“Tea For Hard Water”. Aha, you think, just what I need. And, of course, when we think of problem water types it’s hard water we think of first.

Does your kettle – like mine – look like the inside of a great cave system, limescale forming huge stalagmites on the element?

Have your got your boiler engineer’s phone number on speed-dial, for when your central heating finally grinds to a halt?

If that’s you, you know all about hard water.

Are you wondering what all the fuss is about?

If so, you lucky, lucky tea lover, you have the joy of soft water – but that has its own challenges.

Why should this make a difference to your tea, and what can be done about it?

Flavoured water

A cup of tea is little more than flavoured hot water. When you infuse tea leaves in hot water, some of the flavour-containing compounds in the tea, the catechins, are dissolved into the water.

The water becomes coloured and delicious.

  • Hard water has a high pH (it is a base, or alkaline)
  • Soft water has a low pH (it is acidic – sometimes remarkably so).

You know this already, in a way. Do you have a garden? Do you grow rhododendrons?

If so, you will know that they love peaty, acidic soil.

Parts of the country with that type of soil typically have very acidic water, which we call soft.

Where I live, it’s the other extreme. My water comes off the South Downs, which are made of chalk. The water is very alkaline and contains vast quantities of minerals and chalk. I definitely need a tea for hard water.

Acidic (soft) water is much more efficient at dissolving the flavour compounds of tea. It extracts more flavour more quickly.

Hard water is the opposite. Tea flavour is dissolved slowly and inefficiently. Therefore, in the most general terms, a hard water tea needs to be better than a soft water tea.

You might be wondering whether you could simply brew tea for longer in hard water.

It’s not that simple.

There are many compounds in tea, and they dissolve at different rates.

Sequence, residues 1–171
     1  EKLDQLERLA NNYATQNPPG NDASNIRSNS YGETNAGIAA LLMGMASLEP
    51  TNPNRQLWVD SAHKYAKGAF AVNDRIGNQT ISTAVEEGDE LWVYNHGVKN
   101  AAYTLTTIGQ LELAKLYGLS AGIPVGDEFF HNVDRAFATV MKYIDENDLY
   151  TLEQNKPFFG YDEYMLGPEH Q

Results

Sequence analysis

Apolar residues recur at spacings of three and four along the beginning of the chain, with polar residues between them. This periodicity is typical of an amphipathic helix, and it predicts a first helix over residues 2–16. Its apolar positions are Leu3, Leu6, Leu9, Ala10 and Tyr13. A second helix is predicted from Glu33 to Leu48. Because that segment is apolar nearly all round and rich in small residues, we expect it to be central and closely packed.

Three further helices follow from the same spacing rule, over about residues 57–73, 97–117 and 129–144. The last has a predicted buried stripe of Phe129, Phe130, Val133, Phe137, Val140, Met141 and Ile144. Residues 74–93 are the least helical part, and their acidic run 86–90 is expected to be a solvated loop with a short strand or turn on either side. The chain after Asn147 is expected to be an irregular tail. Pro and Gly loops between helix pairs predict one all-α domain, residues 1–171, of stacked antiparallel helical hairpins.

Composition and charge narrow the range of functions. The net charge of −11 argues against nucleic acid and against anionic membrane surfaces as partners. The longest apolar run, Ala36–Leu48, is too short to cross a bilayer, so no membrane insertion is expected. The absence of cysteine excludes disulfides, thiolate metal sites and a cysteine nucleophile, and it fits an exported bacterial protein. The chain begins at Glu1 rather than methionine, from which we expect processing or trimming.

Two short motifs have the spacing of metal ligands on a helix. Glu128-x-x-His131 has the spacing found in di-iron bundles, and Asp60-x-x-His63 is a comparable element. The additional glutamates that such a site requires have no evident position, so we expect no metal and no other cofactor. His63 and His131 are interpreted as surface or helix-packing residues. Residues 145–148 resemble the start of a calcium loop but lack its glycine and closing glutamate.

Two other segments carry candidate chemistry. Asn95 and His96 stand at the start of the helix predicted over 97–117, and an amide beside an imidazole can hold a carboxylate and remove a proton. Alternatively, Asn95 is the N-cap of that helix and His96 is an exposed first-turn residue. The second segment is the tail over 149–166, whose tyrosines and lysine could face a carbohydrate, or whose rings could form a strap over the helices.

First comes the colour, then the raw strength (harsh tannins if present), and finally the rich flavour

This, by the way, is why cheap supermarket blends can be so cheap – they just have lots of colour and tannin, which fools some people into thinking that their tea is nice and strong. It’s not! There is no flavour.

Tea For Soft Water

A soft water tea needs a soft water blend. If the tea has too much colour and raw strength, your cuppa will taste bitter and flavourless. You need a slower-brewing tea, with more flavour than strength.

Tea For Hard Water

A hard water blend needs lots of quality Assams and East African teas, with plenty of “guts” and strength. It needs flavour too, of course, but this flavour will be the rich, malty type that punches through the hard water.

But wait! There’s more!

Of course there is.

There are different ways of measuring water hardness.

One is by acidity. What is the pH of the water?

Then, we look at the concentration of different hardness salts – calcium, magnesium, etc.

The calcium salt is calcium carbonate – limescale.

It’s not as simple as how hard or soft your water is.

It’s what are the dissolved salts that are making it hard?

When you look at it, most of us are drinking mineral water, right out of our taps. That’s no bad thing – some of those hardness salts are good for us, and we could pay a lot of money to buy it in a bottle.